Trans-Europe Express – Presidencies are good, actually

Sent out every Friday at noon, Trans-Europe Express gives you an insider's view of the most important coverage from across the EURACTIV media network, its media partners and much more.

As someone who has followed all the presidencies of the new EU members since the 2004-2007 enlargement wave, I know one thing: Presidencies are good.

The best thing about Presidencies is that, for the first time, the new members get a chance to sit in the driving seat of the EU spaceship, and this has a very positive psychological impact on them.

Before assuming such a role, there is very often an us-and-them attitude, the new members don’t really consider the Union as their own club, house or project.

Psychologically speaking, only after a presidency does a new member really become a new member. (When I was young they said that a man becomes a man only after his military service. The comparison is valid, I think.)

Also, the general public in new member states becomes better aware of the functioning of the Union, when ministers from the respective country chair Council meetings and speak more to the press.

I have seen great presidencies of new EU members. The first one was of Slovenia. By the way, Mogherini’s spokesperson, Maja Kocijancic, was the Coreper 2 spokesperson for the Slovenian Presidency.

At that time, the Financial Times described Ljubljana’s clout as “a bicycle towing a jumbo-jet”. But they still succeeded.

The Czech Presidency in 2009 was a bit messy and the government had to step down before its endIt helped launch the Eastern Partnership, which admittedly was not exactly a well thought out initiative that somehow led to the undeclared war in eastern Ukraine.

Poland had a great presidency. It was a different Poland, in 2011, with Donald Tusk as prime minister, with a booming economy and enormous swell of euro-optimism, at a time when the economic crisis was already biting in most of the Union.

Cyprus had a “Brussels-based” Presidency in 2012, with most of the country’s officials operating from the European capital and focusing on EU affairs. It was considered successful, despite the country being headed by a Communist head of state and government.

Lithuania held a dramatic Vilnius summit in December 2013, during which EU leaders failed to sign the Association agreement with Ukraine, opening the door to the EuroMaidan in Kyiv.

Slovakia will be remembered by the first summit at 27 in Bratislava, in September 2016. Malta followed, with highlights on social issues and on migration. The Estonian Presidency, which ended only days ago, left an excellent impression of modernity and digital solutions for everything.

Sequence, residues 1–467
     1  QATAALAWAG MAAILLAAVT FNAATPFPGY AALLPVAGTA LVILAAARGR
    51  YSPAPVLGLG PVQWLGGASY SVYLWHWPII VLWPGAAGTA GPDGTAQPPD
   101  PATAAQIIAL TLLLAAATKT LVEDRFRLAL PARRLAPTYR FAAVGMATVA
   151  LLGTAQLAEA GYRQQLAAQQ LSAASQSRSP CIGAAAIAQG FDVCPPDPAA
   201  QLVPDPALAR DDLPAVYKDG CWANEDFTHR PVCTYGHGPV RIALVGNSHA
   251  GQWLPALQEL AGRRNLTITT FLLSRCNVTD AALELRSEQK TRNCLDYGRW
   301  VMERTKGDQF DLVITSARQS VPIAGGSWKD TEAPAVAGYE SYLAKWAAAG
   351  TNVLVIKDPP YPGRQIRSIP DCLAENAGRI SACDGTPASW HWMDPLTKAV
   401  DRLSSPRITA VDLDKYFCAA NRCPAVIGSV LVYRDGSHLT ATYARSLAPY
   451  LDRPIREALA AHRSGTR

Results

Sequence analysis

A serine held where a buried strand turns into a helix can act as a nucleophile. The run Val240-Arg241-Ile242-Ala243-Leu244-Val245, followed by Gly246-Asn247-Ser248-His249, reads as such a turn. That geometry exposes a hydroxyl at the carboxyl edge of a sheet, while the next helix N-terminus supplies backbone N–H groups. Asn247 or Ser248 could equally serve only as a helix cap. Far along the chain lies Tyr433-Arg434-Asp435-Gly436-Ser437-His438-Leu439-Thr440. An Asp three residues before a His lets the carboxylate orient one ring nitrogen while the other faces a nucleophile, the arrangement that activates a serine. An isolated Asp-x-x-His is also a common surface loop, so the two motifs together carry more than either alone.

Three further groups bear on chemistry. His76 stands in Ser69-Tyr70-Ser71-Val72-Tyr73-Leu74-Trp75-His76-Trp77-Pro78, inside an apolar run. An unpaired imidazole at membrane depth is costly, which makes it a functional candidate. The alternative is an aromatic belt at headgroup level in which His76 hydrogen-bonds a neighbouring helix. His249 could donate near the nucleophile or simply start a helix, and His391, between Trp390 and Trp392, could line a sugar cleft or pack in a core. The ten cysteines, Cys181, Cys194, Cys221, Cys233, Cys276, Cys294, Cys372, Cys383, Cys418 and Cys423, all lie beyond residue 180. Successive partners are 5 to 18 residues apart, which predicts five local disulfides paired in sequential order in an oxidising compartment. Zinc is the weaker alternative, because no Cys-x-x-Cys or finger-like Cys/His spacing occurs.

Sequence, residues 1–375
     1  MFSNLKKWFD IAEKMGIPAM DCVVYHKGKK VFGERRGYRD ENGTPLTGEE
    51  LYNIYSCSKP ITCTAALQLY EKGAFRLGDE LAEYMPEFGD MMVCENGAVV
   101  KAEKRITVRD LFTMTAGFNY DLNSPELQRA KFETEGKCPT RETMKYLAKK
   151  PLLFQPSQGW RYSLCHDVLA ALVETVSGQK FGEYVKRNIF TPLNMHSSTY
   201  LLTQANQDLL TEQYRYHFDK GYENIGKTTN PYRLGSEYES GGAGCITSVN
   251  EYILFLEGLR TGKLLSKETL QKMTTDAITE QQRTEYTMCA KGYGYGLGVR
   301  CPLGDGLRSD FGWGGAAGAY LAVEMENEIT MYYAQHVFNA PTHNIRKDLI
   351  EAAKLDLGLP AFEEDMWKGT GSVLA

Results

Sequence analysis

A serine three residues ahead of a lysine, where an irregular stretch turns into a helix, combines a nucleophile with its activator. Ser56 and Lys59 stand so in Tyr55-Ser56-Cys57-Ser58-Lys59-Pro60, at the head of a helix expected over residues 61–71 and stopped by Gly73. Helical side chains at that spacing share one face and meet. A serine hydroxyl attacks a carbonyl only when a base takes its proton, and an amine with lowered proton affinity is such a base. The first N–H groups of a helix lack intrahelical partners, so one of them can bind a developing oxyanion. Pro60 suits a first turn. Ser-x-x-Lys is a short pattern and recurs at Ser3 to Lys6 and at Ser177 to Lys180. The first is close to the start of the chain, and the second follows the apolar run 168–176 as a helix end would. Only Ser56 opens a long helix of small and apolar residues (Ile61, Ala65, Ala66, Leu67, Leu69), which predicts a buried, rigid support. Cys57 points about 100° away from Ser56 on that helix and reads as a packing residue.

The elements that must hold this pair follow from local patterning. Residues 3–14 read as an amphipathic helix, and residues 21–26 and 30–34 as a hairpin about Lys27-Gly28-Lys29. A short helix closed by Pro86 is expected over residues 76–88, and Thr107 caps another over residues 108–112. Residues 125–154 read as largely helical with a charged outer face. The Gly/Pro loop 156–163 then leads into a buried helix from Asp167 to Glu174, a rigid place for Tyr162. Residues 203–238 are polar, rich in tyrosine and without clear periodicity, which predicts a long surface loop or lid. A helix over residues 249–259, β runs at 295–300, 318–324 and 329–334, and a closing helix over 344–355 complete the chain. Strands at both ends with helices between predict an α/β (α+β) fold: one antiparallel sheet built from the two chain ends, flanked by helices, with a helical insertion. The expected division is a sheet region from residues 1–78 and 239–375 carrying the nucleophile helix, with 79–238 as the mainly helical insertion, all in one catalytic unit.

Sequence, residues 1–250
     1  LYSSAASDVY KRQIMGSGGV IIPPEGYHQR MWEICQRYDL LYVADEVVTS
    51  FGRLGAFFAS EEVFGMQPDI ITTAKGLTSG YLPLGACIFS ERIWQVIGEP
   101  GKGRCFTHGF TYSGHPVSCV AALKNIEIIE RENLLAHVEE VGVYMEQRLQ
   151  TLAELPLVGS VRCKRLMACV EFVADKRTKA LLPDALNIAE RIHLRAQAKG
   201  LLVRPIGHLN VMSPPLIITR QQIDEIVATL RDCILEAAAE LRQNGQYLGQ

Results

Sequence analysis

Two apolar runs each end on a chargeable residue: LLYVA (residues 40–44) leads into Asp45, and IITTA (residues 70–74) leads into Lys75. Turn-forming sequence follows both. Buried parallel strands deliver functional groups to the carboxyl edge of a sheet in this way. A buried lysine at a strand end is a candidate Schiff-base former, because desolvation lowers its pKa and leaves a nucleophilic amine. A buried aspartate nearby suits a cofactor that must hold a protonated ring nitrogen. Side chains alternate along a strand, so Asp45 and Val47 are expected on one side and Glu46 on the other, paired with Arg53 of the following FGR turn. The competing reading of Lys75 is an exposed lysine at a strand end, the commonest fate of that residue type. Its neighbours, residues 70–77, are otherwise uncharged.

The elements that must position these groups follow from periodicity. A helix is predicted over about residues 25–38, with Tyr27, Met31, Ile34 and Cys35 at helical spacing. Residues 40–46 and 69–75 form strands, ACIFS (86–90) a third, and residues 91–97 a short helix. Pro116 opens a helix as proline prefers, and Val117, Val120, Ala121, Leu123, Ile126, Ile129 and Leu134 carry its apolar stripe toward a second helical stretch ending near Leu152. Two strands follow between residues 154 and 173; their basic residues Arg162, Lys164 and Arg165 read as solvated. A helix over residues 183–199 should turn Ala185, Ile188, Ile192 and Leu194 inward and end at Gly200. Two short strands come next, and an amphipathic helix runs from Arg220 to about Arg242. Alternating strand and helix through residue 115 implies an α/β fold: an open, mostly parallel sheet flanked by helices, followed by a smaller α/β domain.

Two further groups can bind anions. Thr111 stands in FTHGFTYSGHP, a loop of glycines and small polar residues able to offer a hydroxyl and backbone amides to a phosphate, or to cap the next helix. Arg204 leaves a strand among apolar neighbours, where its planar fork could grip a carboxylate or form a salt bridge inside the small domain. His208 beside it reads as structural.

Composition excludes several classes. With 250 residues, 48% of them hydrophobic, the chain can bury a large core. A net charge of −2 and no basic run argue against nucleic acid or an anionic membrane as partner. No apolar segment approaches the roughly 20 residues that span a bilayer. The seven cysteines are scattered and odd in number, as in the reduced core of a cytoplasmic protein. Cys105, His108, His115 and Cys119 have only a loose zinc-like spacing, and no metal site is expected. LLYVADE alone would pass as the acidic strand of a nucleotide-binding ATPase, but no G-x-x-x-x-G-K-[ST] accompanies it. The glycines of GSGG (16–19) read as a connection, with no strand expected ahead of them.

Now the Bulgarian Presidency takes over. The country I know best may have many shortcomings, like corruption, a deficient judiciary system  and very bad standards for press freedom, but solutions to these long-lasting problems could be accelerated thanks to its Presidency.

Inside Track

Charm offensive. Council President Donald Tusk warned in an emotional speech at the launch of the Bulgarian presidency in Sofia against having a “game of thrones” in the Western Balkans, as Brussels seeks to encourage the region’s efforts to reform.

Populist vs. liberal. Czechs will go to the polls to elect their new president today in a vote that is seen as a decisive test for the country increasingly split between the anti-Muslim, pro-Russian views of incumbent Milos Zeman and his more liberal opponents.

Cabinet reshuffle. Poland’s new prime minister sacked key ministers in a major cabinet reshuffle, as he seeks to mend strained ties with the country’s EU partners, before meeting Commission President Jean-Claude Juncker for the first time.

Black is back. The Polish parliament began debating two competing draft laws this week, more than a year after the black protest, one aiming to liberalise the law and another that seeks to ban abortion when the foetus is deformed.

Less for the kids. Austria’s new right-wing government starting fulfilling election pledges with a plan to cut child benefit for workers whose children live abroad, with the measures mainly targeting migrant employees from Eastern Europe.

Trigger for Euroscepticism. If Poland and Hungary are not censured for flouting EU rules, German Euroscepticism is set to rise, warned foreign policy expert Cornelius Adebahr in an interview with EURACTIV Slovakia.

Fiscal discipline. A “debt clock” in Berlin, run by German tax lobbyists to shame the government into reining in spending, is falling for the first time in its 22-year history.

Stay or go? Silvio Berlusconi stated Italy must not leave the euro, but his main coalition partner immediately disagreed, underlining policy differences in the centre-right bloc ahead of the elections in March.

Government uproar. Belgian Prime Minister Charles Michel said he would seek EU help to settle a row over his country’s deportation of Sudanese who were allegedly tortured on their return home.

Name dispute. Greece said that both it and Macedonia hoped for progress in upcoming talks with a UN mediator towards settling a long-running dispute over the latter country’s name that has held up Skopje’s EU membership prospects.

Smog problem. Macedonia had to take emergency measures against dense smog enveloping its cities, an annual winter scourge in the Western Balkans blamed on a mix of coal burning, ageing industry and high-polluting emissions from older vehicles.

Views are the author’s

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